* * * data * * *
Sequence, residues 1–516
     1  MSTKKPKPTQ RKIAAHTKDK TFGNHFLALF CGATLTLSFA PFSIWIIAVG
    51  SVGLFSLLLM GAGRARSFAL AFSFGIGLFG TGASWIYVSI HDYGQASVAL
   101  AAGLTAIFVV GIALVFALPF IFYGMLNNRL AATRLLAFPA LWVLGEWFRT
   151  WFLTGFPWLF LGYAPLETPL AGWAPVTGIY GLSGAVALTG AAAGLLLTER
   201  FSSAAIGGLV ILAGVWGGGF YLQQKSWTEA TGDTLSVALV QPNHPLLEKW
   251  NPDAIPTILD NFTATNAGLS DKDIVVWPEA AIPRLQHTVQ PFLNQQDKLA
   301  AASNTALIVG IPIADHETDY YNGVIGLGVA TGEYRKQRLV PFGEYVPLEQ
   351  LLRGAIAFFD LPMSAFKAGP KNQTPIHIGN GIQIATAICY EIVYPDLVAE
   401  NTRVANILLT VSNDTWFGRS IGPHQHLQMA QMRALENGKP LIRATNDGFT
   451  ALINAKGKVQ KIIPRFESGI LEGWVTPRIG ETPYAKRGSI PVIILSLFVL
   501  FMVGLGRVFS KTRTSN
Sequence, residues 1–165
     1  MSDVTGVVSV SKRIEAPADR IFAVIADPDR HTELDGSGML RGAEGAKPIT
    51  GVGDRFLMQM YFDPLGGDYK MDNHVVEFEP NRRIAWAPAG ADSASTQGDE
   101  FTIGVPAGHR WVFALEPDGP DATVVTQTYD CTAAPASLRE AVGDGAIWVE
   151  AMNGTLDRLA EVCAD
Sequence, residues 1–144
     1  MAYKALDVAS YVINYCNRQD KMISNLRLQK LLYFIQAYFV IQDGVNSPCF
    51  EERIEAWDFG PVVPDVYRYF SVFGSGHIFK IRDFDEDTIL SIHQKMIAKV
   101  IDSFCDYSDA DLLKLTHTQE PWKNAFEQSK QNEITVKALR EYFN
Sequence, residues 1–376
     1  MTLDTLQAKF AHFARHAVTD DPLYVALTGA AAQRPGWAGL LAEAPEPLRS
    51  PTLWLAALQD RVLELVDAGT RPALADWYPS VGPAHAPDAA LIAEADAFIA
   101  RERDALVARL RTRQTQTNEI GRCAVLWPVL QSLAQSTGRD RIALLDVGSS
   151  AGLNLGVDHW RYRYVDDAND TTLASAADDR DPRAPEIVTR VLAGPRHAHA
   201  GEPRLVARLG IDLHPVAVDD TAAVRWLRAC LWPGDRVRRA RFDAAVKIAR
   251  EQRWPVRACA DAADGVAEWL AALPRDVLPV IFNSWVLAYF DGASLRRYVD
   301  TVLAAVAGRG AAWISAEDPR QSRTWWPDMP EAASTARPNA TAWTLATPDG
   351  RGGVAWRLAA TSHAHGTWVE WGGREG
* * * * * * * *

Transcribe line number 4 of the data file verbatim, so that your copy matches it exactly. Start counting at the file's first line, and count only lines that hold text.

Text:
   101  AAGLTAIFVV GIALVFALPF IFYGMLNNRL AATRLLAFPA LWVLGEWFRT